Wednesday, May 25, 2016

A New Discovery in Aswan: A Burial of a prominent 12th Dynasty Lady uncovered

Photocredit: Ministry of Antiquities

Within the framework of the excavation works performed by Jaén University – Spain, directed by Alejandro Jimémez-Serrano, in the necropolis of Qubbet el-Hawa (West Aswan) , a burial of a lady called " Sattjeni " from the 12th Dynasty (Middle Kingdom) buried inside two wooden coffins was uncovered…. Declared Dr. Mahmoud Afify, Head of the Ancient Egyptian Archaeology Sector at the Ministry of Antiquities.

Afify said that the discovery is of a historic importance because "Sattjeni" is one of the most important figures in the Middle Kingdom, being the mother of Heqa-Ib III" and " Amaeny-Senb"; two of the highest authorities of Elephantine under the reign of Amenemhat III, around 1800-1775 BCE .

The body was originally wrapped in linen and deposited in two wooden coffins made of cedar from Lebanon…added Nasr Salama, General Director of Aswan and Nubia Areas. Over the face of Sattjeni, some remains of her cartonnage mask were documented. The inner coffin was in extremely good condition, which will even permit to date the year in which the tree was cut.

Dr. Jimémez explained that Lady Sattjeni was a key figure of the local dynasty. She was the daughter of the nomarch Sarenput II and, after the death of all the male members of her family; she was the unique holder of the dynastic rights in the government of Elephantine.

The Spanish Mission (University of Jaén, Spain) in Qubbet el-Hawa, directed by Dr. Alejandro Jiménez-Serrano, is working on West Aswan since 2008 and, since that year, has discovered several intact burials of different periods. Among them, it is necessary to remind the discovery of Lady Sattjeni’s son Heqaib III.

Ministry of Antiquities, Press Office

Monday, May 16, 2016

Newly Discovered Fetus Is Youngest Egyptian Mummy on Record

By Laura Geggel, Senior Writer | May 13, 2016

A miniature coffin discovered more than a century ago holds the remains of the youngest Egyptian ever embalmed as a mummy on record, researchers in England said.

A computed tomography (CT) scan of the coffin revealed that the coffin didn't hold mummified internal organs, as researchers had suspected, but instead contains the tiny mummy of a human fetus, according to the Fitzwilliam Museum in Cambridge, England. The mummified fetus was likely at only 16 to 18 weeks of gestation when it died, likely from a miscarriage, museum officials said.

"This landmark discovery … is remarkable evidence of the importance that was placed on official burial rituals in ancient Egypt, even for those lives that were lost so early on in their existence," museum researchers said in a statement.

The British School of Archaeology originally uncovered the 17-inch-long (44 centimeters) coffin in Giza in 1907, and the Fitzwilliam Museum added the coffin to the museum collection that same year. The cedarwood coffin is a perfect miniature of a regular-size coffin from Egypt's Late Period, and likely dates to about 644 B.C. to 525 B.C., museum researchers said. It even has "painstakingly small" carvings on it, the researchers added.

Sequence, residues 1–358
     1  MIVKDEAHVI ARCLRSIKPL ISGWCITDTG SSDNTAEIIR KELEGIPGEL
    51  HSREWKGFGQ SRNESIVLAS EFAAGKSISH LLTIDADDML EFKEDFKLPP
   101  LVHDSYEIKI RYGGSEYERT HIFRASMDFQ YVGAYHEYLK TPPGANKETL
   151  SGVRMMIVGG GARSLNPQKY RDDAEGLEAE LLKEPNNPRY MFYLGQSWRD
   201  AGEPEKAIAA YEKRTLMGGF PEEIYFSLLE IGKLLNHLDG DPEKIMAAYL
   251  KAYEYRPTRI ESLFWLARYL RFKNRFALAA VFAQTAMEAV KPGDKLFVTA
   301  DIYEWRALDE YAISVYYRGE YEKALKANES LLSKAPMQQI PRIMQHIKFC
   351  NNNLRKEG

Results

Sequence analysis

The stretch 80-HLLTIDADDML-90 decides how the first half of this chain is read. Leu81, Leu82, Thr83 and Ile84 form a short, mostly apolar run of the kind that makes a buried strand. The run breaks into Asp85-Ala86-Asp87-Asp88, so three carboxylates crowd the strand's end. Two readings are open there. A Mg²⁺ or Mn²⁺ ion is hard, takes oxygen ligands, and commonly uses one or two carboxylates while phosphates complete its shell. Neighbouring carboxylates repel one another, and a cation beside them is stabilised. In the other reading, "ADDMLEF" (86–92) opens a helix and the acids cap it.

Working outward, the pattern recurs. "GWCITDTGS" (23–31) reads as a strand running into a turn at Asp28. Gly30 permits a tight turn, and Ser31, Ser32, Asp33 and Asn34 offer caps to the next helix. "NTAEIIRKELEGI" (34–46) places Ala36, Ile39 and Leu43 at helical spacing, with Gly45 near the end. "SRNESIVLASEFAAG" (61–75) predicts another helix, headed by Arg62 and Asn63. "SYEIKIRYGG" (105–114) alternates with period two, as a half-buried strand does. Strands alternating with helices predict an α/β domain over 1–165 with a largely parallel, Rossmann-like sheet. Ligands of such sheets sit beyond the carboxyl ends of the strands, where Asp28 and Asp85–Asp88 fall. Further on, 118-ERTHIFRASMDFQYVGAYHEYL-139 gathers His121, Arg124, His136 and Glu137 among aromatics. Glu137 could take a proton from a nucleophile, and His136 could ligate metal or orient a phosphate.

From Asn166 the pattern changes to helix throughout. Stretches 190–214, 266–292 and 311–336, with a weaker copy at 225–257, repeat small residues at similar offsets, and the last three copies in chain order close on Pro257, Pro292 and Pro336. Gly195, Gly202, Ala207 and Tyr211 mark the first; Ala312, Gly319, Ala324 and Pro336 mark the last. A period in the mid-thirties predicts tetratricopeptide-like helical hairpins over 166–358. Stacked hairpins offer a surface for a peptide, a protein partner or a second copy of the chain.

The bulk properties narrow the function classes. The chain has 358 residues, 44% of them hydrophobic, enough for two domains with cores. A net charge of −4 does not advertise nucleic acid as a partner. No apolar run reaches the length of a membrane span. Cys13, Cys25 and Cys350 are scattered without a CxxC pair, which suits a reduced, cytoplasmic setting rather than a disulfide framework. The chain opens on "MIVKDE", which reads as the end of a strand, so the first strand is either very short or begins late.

For years, museum curators assumed that the coffin held internal organs, which were routinely removed during the Egyptian embalming process. But curators found otherwise when they examined the coffin during preparations for the museum's bicentennial exhibition, "Death on the Nile: Uncovering the Afterlife of Ancient Egypt," which opened in February.

What they discovered in the coffin surprised them.

Wednesday, May 11, 2016

In Egypt, Debate Rages Over Scans of King Tut's Tomb

Tests for hidden chambers yield conflicting results. Investigation likely to continue.

By Peter Hessler

CAIRO, EGYPT - Never underestimate the mysterious, unpredictable, and slightly insane power of Egyptology.

This was the lesson of this past weekend’s Second Annual Tutankhamun Grand Egyptian Museum Conference in Cairo, where attendees may have been lulled by a lineup of sessions that included “Tutankhamun’s Embroidery,” “A Constructive Insight of Some Plant Species from Tutankhamun’s Tomb,” and “The Golden Pendant of Tutankhamun: A New Interpretation of the Epithet of Wertethekau.” If only the epithets had stopped with Wertethekau.

On the third and final day of the conference, more than a hundred people watched two former government ministers sit onstage and angrily accuse each other of trying to drill holes into World Heritage Sites without proper permission. Other exchanges were friendlier, if no less passionate. A couple of scholars bantered about the shape of Queen Nefertiti’s lips, and there was a running debate about whether adult male pharaohs wore earrings during the 14th century B.C., when Tut ruled.

But nothing compared to the news about the boy king’s tomb. After months of speculation about the possibility of hidden chambers in the tomb, officials revealed another surprise: that two different radar scans of King Tut’s burial chamber have resulted in contradictory conclusions.

“Until now, we don’t have a conclusive result,” Khaled El-Enany, the minister of antiquities, announced on the final day of the conference. He called for the formation of a committee to decide the next step, which will likely include further examination by radar and other high-tech methods. On his way out of the lecture hall, El-Enany continued:  “This is my message—that science will talk.”